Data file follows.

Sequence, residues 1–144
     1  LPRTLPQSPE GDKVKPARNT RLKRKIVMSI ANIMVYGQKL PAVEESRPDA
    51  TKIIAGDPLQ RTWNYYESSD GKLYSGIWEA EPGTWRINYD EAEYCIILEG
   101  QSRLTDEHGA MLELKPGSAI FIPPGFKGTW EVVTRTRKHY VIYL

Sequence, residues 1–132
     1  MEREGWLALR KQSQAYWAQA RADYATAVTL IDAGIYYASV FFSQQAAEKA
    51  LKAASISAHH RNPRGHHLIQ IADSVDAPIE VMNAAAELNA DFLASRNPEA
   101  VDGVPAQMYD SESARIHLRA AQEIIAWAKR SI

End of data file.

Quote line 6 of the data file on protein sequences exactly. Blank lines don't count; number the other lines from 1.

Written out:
     1  MEREGWLALR KQSQAYWAQA RADYATAVTL IDAGIYYASV FFSQQAAEKA